Rouquet, Pierre, Jean-Marc Froment, Magdalena Bermejo, Annelisa Kilbourn, William Karesh, Patricia Reed, Brice Kumulungui, Philippe Yaba, André Délicat, Pierre E. Rollin, and Eric M. Leroy. 2005. Wild Animal Mortality Monitoring and Human Ebola Outbreaks, Gabon and Republic of Congo, 2001–2003. Emerging Infectious Diseases • www.cdc.gov/eid • Vol. 11, No. 2, February 2005
Science and Environmental Education in Elementary, Primary and Secondary Schools
Cynthia Sims Parr, Tricia Jones and Nancy Butler Songer. CyberTracker in BioKIDS: Customization of a PDA-based scientific data collection application for inquiry learning. University of Michigan, Ann Arbor, MI.
Rob Williams, Erin Ashe, Katie Gaut, Rowenna Gryba, Jeffrey E. Moore, Eric Rexstad, Doug Sandilands, Justin Steventon, Randall R. Reeves. 2017. Animal Counting Toolkit: a practical guide to small-boat surveys for estimating abundance of coastal marine mammals. Endang Species Res.
Ashe,E., D. P. Noren & R. Williams. 2009. Animal behaviour and marine protected areas: incorporating behavioural data into the selection of marine protected areas for an endangered killer whale population. Animal Conservation 13 (2010) 196–203.
Foxcroft, Llewellyn C.,David M. Richardson, Mathieu Rouget and Sandra MacFadyen. 2009. Patterns of alien plant distribution at multiple spatial scales in a large national park: implications for ecology, management and monitoring. Diversity and Distributions, 15, 367–378.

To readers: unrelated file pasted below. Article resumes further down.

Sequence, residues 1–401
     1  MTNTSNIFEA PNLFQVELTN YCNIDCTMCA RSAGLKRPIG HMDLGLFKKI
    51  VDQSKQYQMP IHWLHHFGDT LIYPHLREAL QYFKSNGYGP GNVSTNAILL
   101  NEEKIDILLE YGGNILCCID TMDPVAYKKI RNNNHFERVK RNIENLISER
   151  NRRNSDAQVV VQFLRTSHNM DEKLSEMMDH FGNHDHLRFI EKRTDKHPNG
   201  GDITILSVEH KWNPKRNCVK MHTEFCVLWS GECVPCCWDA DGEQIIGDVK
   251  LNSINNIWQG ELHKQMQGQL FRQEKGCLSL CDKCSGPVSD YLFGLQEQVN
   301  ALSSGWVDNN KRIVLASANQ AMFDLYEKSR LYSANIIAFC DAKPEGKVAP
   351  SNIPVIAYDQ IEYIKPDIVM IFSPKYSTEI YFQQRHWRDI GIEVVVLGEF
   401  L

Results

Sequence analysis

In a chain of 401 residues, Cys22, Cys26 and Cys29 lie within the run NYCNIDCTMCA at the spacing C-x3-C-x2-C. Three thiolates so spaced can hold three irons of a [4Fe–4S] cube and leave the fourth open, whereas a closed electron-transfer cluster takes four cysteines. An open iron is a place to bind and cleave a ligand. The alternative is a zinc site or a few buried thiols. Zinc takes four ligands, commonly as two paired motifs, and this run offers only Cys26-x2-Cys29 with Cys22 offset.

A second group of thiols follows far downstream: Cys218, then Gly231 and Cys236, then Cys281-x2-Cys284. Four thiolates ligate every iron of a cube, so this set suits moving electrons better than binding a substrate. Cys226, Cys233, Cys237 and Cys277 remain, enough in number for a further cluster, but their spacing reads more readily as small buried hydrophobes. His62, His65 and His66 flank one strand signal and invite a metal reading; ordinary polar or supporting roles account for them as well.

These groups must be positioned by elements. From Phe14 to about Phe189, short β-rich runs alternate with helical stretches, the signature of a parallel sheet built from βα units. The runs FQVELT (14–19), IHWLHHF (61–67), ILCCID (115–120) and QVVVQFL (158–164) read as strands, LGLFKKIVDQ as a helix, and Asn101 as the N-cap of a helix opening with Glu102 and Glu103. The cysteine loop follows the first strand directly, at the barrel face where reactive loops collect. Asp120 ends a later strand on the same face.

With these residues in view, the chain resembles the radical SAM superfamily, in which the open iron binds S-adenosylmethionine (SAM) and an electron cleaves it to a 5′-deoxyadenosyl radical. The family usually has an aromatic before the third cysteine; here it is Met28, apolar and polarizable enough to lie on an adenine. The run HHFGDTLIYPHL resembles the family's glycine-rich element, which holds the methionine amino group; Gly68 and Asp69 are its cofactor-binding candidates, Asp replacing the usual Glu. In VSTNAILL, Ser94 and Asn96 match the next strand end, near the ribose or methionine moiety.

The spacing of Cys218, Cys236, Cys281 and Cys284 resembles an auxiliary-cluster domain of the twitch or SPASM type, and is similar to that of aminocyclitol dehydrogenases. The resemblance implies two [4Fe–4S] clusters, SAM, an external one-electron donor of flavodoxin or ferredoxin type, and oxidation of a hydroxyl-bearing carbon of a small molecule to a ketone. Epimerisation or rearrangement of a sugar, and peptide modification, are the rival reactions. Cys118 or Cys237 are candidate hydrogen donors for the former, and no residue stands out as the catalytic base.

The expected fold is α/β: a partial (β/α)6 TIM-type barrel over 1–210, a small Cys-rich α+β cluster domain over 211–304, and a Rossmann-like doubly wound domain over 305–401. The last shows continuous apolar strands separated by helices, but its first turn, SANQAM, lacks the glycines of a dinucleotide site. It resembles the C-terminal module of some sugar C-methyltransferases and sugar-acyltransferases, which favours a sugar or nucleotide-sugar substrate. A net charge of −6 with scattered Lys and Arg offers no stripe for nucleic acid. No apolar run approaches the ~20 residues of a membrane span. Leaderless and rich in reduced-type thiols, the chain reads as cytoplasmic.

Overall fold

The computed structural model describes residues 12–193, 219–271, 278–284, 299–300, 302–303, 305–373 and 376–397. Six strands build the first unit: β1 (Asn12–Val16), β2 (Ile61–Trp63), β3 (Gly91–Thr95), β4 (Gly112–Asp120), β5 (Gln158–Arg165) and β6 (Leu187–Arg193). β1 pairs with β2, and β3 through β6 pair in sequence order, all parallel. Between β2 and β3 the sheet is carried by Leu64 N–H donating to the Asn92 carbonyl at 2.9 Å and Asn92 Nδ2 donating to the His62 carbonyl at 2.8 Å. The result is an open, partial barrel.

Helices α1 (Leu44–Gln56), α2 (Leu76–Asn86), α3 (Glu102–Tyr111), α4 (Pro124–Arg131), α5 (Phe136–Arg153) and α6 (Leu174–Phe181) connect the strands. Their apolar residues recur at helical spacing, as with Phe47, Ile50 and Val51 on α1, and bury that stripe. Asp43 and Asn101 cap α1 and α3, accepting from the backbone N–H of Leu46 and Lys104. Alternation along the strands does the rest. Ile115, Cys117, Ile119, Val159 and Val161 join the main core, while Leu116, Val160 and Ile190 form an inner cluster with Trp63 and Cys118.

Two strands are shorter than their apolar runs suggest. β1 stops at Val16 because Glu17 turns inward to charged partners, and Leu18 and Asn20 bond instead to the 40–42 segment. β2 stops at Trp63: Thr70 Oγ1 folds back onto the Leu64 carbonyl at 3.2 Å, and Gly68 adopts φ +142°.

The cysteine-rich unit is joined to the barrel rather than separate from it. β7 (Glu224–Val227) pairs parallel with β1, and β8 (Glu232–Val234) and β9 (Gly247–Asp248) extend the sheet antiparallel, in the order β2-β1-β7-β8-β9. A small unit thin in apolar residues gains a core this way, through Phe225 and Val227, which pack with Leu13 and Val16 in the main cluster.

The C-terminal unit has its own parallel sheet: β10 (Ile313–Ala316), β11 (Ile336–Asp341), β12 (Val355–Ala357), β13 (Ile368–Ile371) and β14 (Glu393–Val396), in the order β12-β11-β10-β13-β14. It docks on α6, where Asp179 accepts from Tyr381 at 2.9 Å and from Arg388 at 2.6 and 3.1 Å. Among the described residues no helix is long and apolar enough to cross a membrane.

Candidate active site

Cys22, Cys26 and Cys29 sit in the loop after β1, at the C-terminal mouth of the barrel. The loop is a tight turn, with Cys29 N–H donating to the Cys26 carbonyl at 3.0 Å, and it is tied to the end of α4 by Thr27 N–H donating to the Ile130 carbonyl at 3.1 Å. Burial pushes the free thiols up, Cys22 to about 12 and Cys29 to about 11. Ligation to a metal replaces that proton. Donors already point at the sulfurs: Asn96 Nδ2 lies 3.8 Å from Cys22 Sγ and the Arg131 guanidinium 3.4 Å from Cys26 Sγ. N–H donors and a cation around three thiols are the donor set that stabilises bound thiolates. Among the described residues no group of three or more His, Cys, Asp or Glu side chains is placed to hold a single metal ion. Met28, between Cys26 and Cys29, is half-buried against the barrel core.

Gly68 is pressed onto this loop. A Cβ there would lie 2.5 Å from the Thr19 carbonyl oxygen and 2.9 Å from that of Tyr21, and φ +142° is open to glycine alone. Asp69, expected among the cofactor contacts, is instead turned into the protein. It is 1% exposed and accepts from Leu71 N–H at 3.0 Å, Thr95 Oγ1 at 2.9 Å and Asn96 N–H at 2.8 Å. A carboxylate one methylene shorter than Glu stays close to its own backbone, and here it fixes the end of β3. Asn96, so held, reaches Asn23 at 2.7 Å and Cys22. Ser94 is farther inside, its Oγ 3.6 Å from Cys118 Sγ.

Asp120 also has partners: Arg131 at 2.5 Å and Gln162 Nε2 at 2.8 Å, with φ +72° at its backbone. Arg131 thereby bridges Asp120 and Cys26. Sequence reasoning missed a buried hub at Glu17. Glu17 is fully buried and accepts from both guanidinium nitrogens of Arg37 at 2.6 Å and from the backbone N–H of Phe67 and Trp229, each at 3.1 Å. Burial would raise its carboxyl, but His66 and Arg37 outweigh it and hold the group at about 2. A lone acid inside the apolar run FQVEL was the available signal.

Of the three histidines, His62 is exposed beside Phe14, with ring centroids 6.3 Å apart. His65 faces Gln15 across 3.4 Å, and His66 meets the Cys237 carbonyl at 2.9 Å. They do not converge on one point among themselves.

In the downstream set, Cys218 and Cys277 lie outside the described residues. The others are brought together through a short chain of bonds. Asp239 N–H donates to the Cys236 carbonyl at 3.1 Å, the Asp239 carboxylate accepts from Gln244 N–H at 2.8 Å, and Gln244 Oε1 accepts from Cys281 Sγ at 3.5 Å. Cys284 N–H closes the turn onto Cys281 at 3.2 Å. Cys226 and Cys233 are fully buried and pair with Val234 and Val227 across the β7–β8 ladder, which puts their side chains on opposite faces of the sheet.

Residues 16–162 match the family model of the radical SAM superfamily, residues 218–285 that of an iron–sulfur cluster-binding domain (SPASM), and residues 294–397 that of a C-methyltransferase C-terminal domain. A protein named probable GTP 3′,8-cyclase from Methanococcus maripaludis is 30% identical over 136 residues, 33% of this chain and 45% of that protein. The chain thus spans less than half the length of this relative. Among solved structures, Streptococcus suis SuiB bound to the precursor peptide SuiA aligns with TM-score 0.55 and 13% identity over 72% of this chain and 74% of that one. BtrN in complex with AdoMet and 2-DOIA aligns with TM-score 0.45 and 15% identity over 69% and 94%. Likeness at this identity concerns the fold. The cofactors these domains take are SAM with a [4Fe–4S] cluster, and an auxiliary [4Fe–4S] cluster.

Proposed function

National Parks and Protected Areas
Bergl, Richard, Andrew Dunn, and Aaron Nicholas. 2009. AFRICA’S MOST ENDANGERED APE: Using Technology and Partnerships to Save the Critically Endangered Cross River Gorilla. CONNECT.
Kruger,Judith M. and Sandra MacFadyen. 2011. Science support within the South African National Parks adaptive management framework. Koedoe 53(2).
LEFRANC, HUGUES, REGINO NÚÑEZ & JUSTIN STEVENTON. 2009. NEW TECHNOLOGIES FOR LONG-TERM BIODIVERSITY MONITORING. In C. Hurford, M. Schneider & I. Cowx (eds.), Conservation Monitoring in Freshwater Habitats. Springer.
Community Forest Management
Peters-Guarin, Graciela and Michael K. McCall. 2010. Community Carbon Forestry (CCF) for REDD Using CyberTracker for Mapping and Visualising of Community Forest Management in the Context of REDD.
De Villiers, M & K.L. Pringle. 2007. Seasonal occurrence of vine pests in commercially treated vineyards in the Hex River Valley in the Western Cape Province, South Africa. African Entomology 15(2): 241–260.